All of the abilities, and the areas are extremely well detailed and well implemented. While the game is primarily set in one location, that location -Egypt- is wide and varied enough, with its abandoned train stations, mines, and underground temples, that the visuals of the game never left me bored once. Another thing exceptionally well animated was the bosses, with most levels having a minimum of two spread throughout the level, and some of them being complete screen hogs in the style of old.

The levels all have secrets, and areas hidden away behind the abilities you’ll later learn – ensuring that there’s always a good reason to return to earlier levels. Hidden throughout there’s the ability unlocking relics, but there’s also relics which give you permanent stat boosts, as well as collectibles which are… simply collectibles with no effect.

There’s also single use items dotted around the game which can be found as well. They’re a bit OP, but very hard to come by. A carrot will turn you into a hyper, deadly death machine. I used it to completely deck two of the early bosses with no fuss. There is a problem with some of the items in that they don’t actually describe what they do – actually, none of them do. Things like the Claymore Mine are self explanatory, but I don’t know if Wine is going to give me back SP, HP, or turn me into a mental, deadly thing like the carrots did.

As if that wasn’t enough, there’s also subweapons, which use the SP gauge, this includes items like a familiar, a box of soot, a machine gun which fires tennis balls. These are extremely powerful, and are major game changers – they’re almost all completely all miss-able. This is great, however it does underline the fact that navigation in the game can be a bit tough at times.

Most of the collectibles are very hard to find, and there’s not really much direction in the game – nor a map showing the discovered areas, or even the percentage of items collected. On at least two of the levels I had to fully double back on myself to re walk the level, looking for hidden routes and turnings that I hadn’t taken before. This normally led off to  a chamber containing a new ability, which then led to be re-running the explored map to try and find the one specific element it allows you to get past. These bits were a tiny bit frustrating at times – and could have easily been remedied with a map showing explored routes.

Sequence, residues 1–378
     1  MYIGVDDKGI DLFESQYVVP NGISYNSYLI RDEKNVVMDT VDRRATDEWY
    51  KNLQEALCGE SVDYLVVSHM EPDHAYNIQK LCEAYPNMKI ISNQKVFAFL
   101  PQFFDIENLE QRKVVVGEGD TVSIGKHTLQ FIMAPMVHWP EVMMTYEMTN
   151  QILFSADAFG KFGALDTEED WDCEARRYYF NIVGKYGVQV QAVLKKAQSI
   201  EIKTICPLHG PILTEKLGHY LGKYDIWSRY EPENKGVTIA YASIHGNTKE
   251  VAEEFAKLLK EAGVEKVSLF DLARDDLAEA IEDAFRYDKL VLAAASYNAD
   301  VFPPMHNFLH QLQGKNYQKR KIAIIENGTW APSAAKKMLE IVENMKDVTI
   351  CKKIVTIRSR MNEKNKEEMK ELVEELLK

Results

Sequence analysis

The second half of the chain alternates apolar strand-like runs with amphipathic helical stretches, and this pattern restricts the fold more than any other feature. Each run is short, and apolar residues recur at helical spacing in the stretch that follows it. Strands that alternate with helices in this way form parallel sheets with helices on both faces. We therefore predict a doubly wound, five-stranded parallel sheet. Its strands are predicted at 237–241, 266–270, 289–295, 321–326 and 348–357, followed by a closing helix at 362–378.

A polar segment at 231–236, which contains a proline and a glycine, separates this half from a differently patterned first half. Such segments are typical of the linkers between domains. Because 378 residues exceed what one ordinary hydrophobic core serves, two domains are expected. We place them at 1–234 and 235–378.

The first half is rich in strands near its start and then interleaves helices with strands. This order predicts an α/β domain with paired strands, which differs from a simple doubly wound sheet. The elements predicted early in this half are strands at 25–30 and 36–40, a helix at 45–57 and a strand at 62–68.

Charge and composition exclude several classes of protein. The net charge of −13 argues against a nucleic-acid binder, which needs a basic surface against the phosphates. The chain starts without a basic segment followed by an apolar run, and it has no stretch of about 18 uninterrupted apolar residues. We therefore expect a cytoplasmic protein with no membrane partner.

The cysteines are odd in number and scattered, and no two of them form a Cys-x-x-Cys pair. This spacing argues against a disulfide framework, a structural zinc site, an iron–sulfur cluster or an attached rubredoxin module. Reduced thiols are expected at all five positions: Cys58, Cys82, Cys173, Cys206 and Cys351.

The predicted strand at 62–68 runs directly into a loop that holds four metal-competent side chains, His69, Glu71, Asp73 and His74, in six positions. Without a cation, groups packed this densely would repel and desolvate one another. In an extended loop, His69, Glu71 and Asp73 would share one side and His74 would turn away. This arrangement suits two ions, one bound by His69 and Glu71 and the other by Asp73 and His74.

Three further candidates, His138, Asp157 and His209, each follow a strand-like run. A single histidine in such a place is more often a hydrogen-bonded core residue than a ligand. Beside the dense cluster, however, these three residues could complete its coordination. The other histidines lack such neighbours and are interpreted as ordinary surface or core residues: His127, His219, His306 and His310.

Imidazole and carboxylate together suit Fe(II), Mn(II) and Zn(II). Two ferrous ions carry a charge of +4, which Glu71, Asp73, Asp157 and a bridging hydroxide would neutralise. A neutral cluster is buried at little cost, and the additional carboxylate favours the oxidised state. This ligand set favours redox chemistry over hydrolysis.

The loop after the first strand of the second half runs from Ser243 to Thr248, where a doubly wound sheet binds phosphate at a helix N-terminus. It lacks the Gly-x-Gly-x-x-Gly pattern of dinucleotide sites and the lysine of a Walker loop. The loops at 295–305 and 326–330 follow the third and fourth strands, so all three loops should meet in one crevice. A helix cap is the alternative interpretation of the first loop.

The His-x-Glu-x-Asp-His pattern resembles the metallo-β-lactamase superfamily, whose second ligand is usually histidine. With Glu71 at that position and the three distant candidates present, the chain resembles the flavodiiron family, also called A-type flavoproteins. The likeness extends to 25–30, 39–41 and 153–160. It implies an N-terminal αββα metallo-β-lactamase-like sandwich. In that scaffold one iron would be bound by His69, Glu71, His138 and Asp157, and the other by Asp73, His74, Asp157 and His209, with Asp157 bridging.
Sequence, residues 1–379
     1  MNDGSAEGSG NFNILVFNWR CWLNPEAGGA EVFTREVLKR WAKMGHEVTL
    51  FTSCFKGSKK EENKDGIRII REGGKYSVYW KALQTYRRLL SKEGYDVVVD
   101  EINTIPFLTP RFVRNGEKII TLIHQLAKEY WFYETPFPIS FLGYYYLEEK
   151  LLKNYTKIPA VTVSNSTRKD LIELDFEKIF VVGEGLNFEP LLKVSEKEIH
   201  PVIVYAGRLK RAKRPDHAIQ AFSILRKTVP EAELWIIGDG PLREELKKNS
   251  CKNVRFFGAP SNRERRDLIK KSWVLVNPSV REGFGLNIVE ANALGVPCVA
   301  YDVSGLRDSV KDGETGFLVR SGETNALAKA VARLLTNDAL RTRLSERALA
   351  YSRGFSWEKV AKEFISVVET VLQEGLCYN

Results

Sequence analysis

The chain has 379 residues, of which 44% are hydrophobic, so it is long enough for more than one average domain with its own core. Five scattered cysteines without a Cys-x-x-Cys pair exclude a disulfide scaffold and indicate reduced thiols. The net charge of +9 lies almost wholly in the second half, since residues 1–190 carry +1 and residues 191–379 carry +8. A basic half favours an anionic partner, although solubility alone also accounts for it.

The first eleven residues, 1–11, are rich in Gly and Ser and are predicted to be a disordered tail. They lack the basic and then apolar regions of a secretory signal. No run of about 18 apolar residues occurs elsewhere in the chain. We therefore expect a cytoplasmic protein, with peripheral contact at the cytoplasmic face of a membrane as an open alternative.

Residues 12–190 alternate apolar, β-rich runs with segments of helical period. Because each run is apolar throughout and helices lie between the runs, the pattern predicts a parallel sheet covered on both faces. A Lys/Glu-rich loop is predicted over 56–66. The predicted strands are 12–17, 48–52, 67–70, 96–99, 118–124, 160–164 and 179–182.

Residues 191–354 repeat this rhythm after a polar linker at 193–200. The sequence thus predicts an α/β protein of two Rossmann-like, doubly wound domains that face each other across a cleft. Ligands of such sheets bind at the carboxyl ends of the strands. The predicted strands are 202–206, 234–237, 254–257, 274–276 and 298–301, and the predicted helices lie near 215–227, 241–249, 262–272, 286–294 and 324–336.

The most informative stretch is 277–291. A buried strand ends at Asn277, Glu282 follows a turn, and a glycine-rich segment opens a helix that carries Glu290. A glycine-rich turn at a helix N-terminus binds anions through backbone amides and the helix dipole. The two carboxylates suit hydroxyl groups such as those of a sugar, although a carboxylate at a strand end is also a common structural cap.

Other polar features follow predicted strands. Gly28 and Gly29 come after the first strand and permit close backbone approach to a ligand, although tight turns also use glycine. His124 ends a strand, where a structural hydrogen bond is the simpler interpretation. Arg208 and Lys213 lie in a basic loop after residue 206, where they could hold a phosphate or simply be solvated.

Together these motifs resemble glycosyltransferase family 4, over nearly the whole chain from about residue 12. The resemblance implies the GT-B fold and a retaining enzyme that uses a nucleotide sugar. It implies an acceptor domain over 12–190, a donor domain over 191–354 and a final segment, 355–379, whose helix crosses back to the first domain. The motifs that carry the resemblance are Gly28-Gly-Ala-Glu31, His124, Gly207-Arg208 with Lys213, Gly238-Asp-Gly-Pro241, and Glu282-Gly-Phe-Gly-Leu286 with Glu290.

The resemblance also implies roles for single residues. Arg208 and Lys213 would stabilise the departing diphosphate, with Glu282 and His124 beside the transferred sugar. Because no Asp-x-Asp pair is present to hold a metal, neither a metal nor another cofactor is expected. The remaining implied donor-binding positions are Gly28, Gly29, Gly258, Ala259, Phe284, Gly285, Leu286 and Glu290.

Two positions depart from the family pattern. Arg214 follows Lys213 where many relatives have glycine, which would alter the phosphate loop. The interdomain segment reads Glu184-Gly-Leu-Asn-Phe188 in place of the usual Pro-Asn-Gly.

My only real frustration, outside of the above lack of instruction, was the fact that there were a few points where the game should autosave where it doesn’t. There was an instance early on in the game where you defeat a guardian, this then triggers a minute long sequence, which then triggers another minute long sequence. You must then make a jump from a moving vehicle onto a train. I missed this, and laughed out loud at the fact it sent me all the way back before the boss. However, the second time I missed because I was still laughing – but, it wasn’t funny when it happened that time. There’s a few instances where the game could have benefited from fast-skipping text or sequences… or, just an autosave after bosses.

These small sticking points aside there’s absolutely no weaknesses in the game – the music, animation and design of the game is fantastic, the game moves along at an exceptional pace, and the enemy positioning (and the hit-boxes) leaves nothing to be desired.

If you’re looking for a solid platform title to burn away more than a few hours, give Pharaoh Rebirth+ a go.